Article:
After a record number of Wyoming residents used the state’s property tax refund program this summer, the Legislature is considering expanding the initiative again to increase financial relief and reach even more taxpayers.
As residential property values have risen, so have property taxes. Counties like Sheridan, Teton and Park have jumped higher than others, with increases topping out at 36%. After state lawmakers found limited success enacting relief and reform during the 2023 legislative session, voters have since expressed dissatisfaction by way of heated public testimony and petitions. Now, like this time last year, lawmakers are sorting through a slate of solutions ahead of the upcoming session.
Expanding the refund program is one of several options on the table, and one of the quicker, more temporary fixes. More ambitious reform will require time, resources and voters approval on the 2024 ballot. Plus, expanding the program could provide relief to taxpayers who missed out on the latest round of refunds, lawmakers said.
“A lot of people feel like at least when they’re getting something back, they’ve been heard … that we’re reflecting their concerns about these high values and high taxes as a result,” Rep. Liz Storer (D-Jackson) said during the Joint Revenue Committee meeting on Tuesday in Casper, where lawmakers considered a draft bill to expand the program. “So in some ways, it’s more important to get something than nothing at all.”
(Storer is president and CEO of the George B. Storer foundation, a financial supporter of WyoFile.)
The committee voted 12-2 to sponsor the bill.
For homeowners facing a skyrocketing property tax bill, the state’s refund program can be a lifeline. That’s especially true for residents on a fixed income, such as retirees or those living with a disability. It works like this — residents submit an application after they’ve paid their bill, and if the Wyoming Department of Revenue approves the application, a check gets mailed.
The Legislature expanded the program just last year. More specifically, lawmakers broadened the income requirements and increased the amount that can be refunded. It was one of three bills lawmakers were able to pass to address the rising costs to taxpayers.
The newly-expanded program was a hit. That’s according to Department of Revenue records.
The total number of refunds, for example, more than doubled — from 3,085 in tax year 2021 to 8,813 in 2022 — and the average refund increased by more than $300. Refunds varied from county to county, but the state average was about $937. Additionally, the approval rate of applicants jumped from 70% to 91%.
The majority of rejected applicants made too much money to qualify, while 25% were rejected due to a lack of information for verification purposes and 13% were over the asset limit. Altogether, the program cost the state roughly $8.3 million.
The program, however, was so popular it ran out of money. In July, the initiative required roughly $2 million more than what had been appropriated to refund the remaining successful applicants. That’s when Gov. Mark Gordon intervened, according to Department of Revenue Director Brenda Henson.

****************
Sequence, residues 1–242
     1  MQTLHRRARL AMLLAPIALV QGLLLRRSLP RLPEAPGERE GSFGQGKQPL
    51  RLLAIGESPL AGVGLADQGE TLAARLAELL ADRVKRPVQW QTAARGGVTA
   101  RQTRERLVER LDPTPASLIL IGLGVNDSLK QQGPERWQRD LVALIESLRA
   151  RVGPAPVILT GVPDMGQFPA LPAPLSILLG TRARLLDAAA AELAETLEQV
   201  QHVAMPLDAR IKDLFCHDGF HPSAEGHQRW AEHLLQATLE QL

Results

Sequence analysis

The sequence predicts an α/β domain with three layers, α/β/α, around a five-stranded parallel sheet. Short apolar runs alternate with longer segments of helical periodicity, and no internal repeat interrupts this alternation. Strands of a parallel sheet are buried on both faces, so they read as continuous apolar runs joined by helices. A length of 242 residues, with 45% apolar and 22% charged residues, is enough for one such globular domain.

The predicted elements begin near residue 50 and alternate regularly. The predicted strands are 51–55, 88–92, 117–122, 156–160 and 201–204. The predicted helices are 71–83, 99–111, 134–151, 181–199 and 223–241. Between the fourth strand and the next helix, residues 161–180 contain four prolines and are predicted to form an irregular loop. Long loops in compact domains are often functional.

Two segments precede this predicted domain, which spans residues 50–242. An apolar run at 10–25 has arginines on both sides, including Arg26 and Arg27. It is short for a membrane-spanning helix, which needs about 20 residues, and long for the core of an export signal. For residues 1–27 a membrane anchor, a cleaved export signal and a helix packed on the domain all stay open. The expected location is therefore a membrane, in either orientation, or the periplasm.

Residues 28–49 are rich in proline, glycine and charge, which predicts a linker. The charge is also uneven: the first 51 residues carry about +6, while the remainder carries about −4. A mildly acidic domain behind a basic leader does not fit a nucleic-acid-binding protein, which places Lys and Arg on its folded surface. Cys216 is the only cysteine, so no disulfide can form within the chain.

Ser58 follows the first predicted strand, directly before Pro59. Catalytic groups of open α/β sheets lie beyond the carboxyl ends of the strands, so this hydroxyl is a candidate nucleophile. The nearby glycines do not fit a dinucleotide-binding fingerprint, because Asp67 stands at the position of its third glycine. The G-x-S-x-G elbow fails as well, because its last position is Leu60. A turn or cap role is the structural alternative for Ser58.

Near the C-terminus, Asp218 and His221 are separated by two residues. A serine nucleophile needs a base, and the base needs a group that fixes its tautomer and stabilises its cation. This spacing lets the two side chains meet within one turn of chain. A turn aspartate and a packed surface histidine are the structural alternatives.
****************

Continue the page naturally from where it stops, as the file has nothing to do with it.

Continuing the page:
“The governor’s office was able to ensure that this program was fully funded and we were able to get those checks out,” Henson told lawmakers.
In previous years, Henson said, her department waited until after the submission deadline to process all applications at once and then prorated refunds based on available funding.
“This past year, we made the choice to go ahead and start processing and sending out refund checks immediately,” Henson told the committee.
“It’s possible that we could make it common practice to simply wait to process those and then prorate those tax amounts,” Henson added. “But I believe everyone in this room knows that there was a lot of pressure to get some relief into the hands of the property owners of the state as soon as possible. And we believe we made the right decision at the time.”
If lawmakers don’t make any changes to how the program works, the 2023 tax year is expected to cost the state approximately $9.6 million in refunds.
Applicants only had three months between Gordon signing the program’s expansion into law and the June 5 application deadline. That also meant the Department of Revenue and other state and local agencies had about a month to implement the changes before the application window opened. Nonetheless, the program succeeded.
Henson, however, told lawmakers an additional expansion via a tiered system could once again create a tight turnaround time.
“It’s really going to be a challenge,” she said.
As amended by the committee, the bill would increase the qualifications for a refund from 125% of the county’s median gross household income to 175%. From there, a tiered system would calculate a successful applicant’s refund according to income level. In other words, higher earners would get refunds at a smaller proportion of their property tax bill, and vice versa.
The idea, Storer said, is to offer relief for residents who were ineligible for the program by very little.
“It does at least provide a stair-step down instead of a cliff for folks who are in the middle-income area and still paying excess in really steep property tax,” Storer said.
For others, the hike to 175% was simply too high to support.
“We can’t expect oil and gas to cover everything. People have to pitch in, too, for the services they’re receiving,” Rep. Ember Oakley (R-Riverton) said. She and Rep. Dan Zwonitzer (R-Cheyenne) were the two opposing votes on the bill.
The committee’s next meeting is on Nov. 13 in Cheyenne.